Dr William Bird estimated that a single park in Portsmouth could save the economy �4.4 million a year, including �910,000 to the NHS.
A walk in a park can reduce the symptoms of ADHD in children as much as medication can. No medication, no cost to the NHS.
Does this all sound a bit obvious? Maybe. Without the research that can show tangible cost-benefits, though, these ideas are unlikely to hold any sway with financially straight-jacketed policy makers. We are living through a time of political and economic instability.Planners and health officials will increasingly have to work together for the good of public health. The way we plan our towns and cities could have so much potential for nature – but pressure on green space, for residential and commercial development, is huge.
One in six of us will suffer at some point in our lives with mental illness. The World Health Organisation estimates that depression and depression-related illness will become the greatest source of ill health by 2020: the biggest health burden we will have to face, both sociologically and economically, above heart disease and cancer. These statements are worrying, and mental illness is complex: there is no cure-all. But there is a lot we can do to help ourselves, simply by re-connecting with the natural world.
Researchers have found that just looking at a picture of nature can improve your mood. What could a short walk do?
The wonderful thing is that The Wildlife Trusts can already provide people with access to nature, not just in the countryside but in our towns and cities too. It doesn’t have to take up much time, money or be hard to get to... and it could make you feel better.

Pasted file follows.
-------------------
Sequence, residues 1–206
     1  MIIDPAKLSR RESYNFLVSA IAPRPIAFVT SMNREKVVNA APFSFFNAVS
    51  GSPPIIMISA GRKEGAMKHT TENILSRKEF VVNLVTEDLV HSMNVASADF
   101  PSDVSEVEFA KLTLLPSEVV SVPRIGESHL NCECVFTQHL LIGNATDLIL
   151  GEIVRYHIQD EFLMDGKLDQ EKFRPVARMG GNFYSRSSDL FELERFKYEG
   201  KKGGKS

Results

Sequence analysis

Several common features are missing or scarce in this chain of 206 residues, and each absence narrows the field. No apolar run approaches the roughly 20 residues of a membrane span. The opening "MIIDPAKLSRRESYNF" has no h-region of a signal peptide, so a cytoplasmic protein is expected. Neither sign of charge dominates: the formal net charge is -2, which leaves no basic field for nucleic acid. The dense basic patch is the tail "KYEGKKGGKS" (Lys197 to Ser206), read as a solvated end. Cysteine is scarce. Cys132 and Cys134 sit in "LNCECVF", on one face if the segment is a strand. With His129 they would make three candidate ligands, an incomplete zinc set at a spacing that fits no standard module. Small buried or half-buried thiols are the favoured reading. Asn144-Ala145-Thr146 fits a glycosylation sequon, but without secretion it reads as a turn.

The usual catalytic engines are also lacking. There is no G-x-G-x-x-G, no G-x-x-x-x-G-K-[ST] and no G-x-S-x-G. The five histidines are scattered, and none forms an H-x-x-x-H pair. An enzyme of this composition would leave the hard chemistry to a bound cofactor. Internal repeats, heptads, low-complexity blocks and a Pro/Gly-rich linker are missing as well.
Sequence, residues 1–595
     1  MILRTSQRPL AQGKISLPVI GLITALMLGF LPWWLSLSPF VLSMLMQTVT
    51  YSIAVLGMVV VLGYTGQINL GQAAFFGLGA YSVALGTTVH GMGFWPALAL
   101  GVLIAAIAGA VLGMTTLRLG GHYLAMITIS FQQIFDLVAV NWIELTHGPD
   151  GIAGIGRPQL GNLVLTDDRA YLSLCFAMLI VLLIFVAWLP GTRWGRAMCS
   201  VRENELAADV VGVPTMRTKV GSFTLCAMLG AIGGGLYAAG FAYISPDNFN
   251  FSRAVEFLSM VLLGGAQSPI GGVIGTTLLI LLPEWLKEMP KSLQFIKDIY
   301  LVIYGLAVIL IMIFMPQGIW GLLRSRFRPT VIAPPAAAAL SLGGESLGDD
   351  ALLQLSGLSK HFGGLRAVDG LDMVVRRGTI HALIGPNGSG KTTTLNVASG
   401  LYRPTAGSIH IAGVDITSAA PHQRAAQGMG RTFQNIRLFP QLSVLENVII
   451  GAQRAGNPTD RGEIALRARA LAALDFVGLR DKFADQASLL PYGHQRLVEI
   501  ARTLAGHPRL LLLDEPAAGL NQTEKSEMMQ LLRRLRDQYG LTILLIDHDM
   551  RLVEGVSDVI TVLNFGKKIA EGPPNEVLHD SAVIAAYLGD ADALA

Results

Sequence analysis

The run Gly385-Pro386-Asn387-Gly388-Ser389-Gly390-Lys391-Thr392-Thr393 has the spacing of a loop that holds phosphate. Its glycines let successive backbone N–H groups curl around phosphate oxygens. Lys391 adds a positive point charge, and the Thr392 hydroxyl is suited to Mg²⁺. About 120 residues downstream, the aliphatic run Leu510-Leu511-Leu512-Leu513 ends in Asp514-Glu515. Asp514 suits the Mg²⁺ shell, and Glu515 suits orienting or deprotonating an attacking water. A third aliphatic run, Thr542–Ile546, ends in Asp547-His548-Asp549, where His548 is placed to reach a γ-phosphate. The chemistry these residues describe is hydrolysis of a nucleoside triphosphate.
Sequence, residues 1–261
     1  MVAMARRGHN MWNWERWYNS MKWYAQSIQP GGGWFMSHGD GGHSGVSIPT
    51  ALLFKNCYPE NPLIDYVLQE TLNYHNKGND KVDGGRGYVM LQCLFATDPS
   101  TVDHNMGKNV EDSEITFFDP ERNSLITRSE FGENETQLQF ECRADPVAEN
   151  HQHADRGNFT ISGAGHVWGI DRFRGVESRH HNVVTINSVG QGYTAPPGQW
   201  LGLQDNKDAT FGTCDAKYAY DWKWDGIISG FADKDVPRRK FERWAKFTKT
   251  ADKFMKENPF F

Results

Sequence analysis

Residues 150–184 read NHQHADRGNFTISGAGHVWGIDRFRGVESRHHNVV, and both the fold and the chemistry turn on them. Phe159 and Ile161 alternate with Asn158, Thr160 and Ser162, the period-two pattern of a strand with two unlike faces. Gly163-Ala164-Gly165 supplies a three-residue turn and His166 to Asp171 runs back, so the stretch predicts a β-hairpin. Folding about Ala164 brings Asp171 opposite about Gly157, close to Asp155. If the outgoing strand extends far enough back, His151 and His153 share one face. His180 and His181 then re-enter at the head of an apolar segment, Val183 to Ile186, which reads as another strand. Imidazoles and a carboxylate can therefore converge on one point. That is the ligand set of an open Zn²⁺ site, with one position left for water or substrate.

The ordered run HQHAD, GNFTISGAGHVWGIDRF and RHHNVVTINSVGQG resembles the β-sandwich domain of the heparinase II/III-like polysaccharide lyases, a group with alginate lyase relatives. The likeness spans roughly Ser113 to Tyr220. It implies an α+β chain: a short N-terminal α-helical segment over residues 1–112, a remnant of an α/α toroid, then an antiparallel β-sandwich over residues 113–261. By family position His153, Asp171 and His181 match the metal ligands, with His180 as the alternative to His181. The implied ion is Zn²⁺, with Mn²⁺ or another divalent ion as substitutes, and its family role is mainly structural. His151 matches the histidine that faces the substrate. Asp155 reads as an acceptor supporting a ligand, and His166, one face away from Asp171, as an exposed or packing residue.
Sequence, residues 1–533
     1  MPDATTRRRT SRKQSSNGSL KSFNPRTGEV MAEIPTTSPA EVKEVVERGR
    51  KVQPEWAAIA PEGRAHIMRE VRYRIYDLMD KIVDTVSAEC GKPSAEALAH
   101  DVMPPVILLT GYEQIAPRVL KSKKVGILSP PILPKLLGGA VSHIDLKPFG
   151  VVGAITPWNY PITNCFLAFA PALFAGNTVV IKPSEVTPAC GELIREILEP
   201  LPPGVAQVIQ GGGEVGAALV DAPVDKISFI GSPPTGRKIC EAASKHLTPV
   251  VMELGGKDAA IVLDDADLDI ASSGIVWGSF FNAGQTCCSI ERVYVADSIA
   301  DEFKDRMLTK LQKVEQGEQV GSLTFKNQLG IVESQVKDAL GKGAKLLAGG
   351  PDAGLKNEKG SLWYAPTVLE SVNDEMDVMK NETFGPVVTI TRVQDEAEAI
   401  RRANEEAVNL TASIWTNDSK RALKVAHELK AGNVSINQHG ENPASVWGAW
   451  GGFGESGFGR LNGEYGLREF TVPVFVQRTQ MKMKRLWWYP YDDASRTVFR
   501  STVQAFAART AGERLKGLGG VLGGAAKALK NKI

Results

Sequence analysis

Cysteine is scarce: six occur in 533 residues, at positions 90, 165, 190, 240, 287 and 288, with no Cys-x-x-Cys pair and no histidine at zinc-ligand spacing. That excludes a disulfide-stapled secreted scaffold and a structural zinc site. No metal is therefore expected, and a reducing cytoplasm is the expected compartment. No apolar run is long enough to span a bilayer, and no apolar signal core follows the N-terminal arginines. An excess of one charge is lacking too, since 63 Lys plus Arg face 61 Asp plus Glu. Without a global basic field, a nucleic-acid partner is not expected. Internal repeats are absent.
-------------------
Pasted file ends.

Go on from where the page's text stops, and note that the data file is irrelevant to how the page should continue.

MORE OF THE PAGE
Discover urban nature on an easy winter walk
All of these places are free to visit.
See: The Wildlife Garden in Verulamium Park. A lovely place to sit and relax in the fantastic surroundings of the park, where red kites are often seen soaring overhead. There is a caf� a two-minute walk from the garden, if it gets a bit chilly!
Where: Beside Wildlife Trust HQ, next to Verulamium Museum (Al3 4SN). Two-minute walk from bus stop, St Michael’s Village; 20-minute walk from St Albans city centre.
See: Monk’s and Whomerley Woods. Explore the hidden wildlife treasures of Stevenage! Look out for early spring flowers on your walk through the woods.
Where: Starting point is Fairlands Valley Park South Field Car Park, Broadhall Way (A602) opposite the football ground (SG2 8RH). Download a guide to this walk at hertswildlifetrust.org.uk/wildstevenage
See: Winter birds at Stocker’s Lake. An easy circular walk, with a caf� at nearby Bury Lake to enjoy a hot drink at afterwards. See how many species you can spot?
Where: Visit hertswildlifetrust.org.uk/stockerslake for a detailed map and directions.
Five-minute walk from Rickmansworth Aquadrome bus stop. Postcode: WD3 1NB.
Meet new people and feel better outdoors. For details of organised health walks in your area, go to: http://www.wfh.naturalengland.org.uk